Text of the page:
U. S. CIVIL WAR
John Pelham fought with such valor and dedication for the Confederacy,
finally giving his life in that cause, that he has become symbolic of
Alabama fighting men in all wars who have offered themselves to defend
the state, the nation and the principles in which they believed.
Pelham resigned from the U.S. Military Academy at West Point in 1861, just a few weeks before he was to graduate, in order to return to Alabama and enter the Confederate Army . After a brief period of drilling an artillery battery, Pelham took part in the First Battle of Manassas, so distinguishing himself that General J. E. B. Stuart recommended he form and lead a six-gun battery of horse artillery to move with the cavalry. In more than 60 battles Pelham displayed genius for sizing up the situation at a glance, dashing to a spot that commanded the battlefield but that was not vulnerable to enemy fire, and bravely raining shot and canister on forces that greatly outnumbered his own.
Pelham's greatest battle was at Fredericksburg where he confused a federal army of 120,000 men with his brilliant one-gun barrage from their flank. His contribution to the Confederate victory that day was a major one and General Robert E. Lee cited the part played by "the gallant Pelham" in his official report...."(Pelham Biography Source: Alabama Hall of Fame, 1968)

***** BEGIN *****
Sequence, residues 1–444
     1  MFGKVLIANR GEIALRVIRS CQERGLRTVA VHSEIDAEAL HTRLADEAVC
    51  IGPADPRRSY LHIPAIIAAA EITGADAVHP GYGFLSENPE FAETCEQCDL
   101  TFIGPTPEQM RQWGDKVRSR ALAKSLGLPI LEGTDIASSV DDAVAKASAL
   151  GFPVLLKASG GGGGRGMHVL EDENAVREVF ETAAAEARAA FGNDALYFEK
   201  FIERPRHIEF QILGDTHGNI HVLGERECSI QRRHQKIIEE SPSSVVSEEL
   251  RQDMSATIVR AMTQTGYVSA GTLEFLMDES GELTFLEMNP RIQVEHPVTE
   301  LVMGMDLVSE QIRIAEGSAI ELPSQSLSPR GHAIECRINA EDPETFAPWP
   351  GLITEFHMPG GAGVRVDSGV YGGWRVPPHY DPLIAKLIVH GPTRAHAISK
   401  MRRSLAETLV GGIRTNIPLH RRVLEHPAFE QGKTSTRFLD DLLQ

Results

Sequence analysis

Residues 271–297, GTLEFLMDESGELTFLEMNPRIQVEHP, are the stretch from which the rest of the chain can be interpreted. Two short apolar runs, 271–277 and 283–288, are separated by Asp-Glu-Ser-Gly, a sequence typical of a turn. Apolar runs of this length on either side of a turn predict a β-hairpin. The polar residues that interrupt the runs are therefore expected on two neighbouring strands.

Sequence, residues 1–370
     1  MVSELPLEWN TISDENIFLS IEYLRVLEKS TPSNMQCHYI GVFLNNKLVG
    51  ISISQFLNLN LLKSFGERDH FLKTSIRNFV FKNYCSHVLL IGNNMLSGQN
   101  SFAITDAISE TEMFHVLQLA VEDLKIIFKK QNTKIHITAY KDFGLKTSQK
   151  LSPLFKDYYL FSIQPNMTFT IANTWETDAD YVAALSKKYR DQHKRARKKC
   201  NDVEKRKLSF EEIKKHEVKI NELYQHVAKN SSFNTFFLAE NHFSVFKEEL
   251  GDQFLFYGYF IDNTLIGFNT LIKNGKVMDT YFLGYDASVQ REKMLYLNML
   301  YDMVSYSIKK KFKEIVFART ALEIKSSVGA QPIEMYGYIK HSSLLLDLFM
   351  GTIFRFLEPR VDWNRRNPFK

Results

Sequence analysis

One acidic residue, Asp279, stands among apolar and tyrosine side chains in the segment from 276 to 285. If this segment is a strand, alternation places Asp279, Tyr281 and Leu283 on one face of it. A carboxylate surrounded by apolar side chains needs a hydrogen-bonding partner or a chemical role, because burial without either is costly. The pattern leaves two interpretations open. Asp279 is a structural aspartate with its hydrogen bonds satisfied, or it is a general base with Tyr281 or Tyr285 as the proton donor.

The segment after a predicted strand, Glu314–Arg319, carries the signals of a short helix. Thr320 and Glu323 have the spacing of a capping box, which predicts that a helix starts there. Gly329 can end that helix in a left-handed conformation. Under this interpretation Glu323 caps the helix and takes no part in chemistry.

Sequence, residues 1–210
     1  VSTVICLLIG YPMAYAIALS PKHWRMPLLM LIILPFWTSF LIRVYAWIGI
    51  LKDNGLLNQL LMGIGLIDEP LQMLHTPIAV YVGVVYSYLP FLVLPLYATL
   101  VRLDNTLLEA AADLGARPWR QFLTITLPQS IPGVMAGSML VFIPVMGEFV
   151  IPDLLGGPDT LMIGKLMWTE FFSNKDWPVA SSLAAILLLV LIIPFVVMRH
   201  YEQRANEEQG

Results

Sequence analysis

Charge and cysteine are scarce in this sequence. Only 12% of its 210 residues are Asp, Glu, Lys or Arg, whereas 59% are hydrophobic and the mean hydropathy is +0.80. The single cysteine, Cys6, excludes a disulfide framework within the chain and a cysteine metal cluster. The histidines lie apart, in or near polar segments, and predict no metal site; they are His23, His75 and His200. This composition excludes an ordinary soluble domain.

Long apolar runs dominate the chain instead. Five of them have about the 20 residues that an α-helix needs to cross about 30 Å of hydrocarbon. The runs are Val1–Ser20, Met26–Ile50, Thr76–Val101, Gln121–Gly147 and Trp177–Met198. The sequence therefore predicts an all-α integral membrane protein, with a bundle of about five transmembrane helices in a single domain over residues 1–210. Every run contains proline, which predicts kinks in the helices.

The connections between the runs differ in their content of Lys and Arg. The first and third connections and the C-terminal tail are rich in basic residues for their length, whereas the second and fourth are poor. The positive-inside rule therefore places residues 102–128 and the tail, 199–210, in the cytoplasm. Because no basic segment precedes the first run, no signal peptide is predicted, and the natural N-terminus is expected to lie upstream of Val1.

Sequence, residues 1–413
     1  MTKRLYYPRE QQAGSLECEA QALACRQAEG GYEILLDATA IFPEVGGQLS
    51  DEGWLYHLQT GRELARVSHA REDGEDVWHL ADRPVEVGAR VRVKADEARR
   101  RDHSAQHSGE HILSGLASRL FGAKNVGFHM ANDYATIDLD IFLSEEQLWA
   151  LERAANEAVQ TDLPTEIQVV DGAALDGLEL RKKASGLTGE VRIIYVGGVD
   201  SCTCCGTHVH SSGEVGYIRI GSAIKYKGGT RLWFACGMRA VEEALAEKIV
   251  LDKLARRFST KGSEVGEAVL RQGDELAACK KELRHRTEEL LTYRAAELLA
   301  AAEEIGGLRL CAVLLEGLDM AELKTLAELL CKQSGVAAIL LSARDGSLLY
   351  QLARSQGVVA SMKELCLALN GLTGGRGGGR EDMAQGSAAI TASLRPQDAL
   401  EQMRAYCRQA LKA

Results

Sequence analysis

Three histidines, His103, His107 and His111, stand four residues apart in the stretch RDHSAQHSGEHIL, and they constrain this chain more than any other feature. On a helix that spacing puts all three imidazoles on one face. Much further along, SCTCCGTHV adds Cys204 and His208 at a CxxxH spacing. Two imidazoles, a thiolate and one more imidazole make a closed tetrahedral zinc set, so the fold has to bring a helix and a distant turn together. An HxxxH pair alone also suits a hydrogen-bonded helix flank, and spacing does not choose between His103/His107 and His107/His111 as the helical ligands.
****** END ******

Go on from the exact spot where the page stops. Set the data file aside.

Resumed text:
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Pelham had taken a single twelve-pounder Napoleon cannon to a crossroads near Hamilton's Crossing, about a half-mile in front of Jackson's position, at an angle to the Federal line. From there, he opened fire and repeatidly sent shots into the enemy ranks. Shortly thereafter a Confederate Blakely rifled cannon joined Pelham in the assault wreaking havoc on the Union's left flank . Union General Franklin's 120,000 man assault halted.
Return fire from Federal artillery took out the Blakely but that did not phase Pelham. He kept relocating and firing his Napoleon so fast that five Union batteries began responding to what they thought was a full Confederate battery on the left end of their line.
Stuart ordered Pelham, three times, to withdraw, but he did not comply until he was out of ammunition. He then casually limbered his gun and returned to Hamilton's Crossing. Lee, watching Pelham stop the Union assault single-handedly, said "It is glorious to see courage in one so young".
(Primary Source: "Stonewall Jackson, The Man, The Soldier, The Legend" by James I. Robertson, Jr.)
Although Pelham was with Stuart's horse artillery and normally would not have
"...Pelham, then a major, was killed at the age of 24 in the Battle of Kelly's Ford. He died in the explosion of an enemy shell, and as Stuart said, 'with the battle-cry upon his lips and the light of victory beaming from his eye.'" (Pelham Biography Source: Alabama Hall of Fame, 1968)
John Pelham was promoted to Lt. Colonel after his death.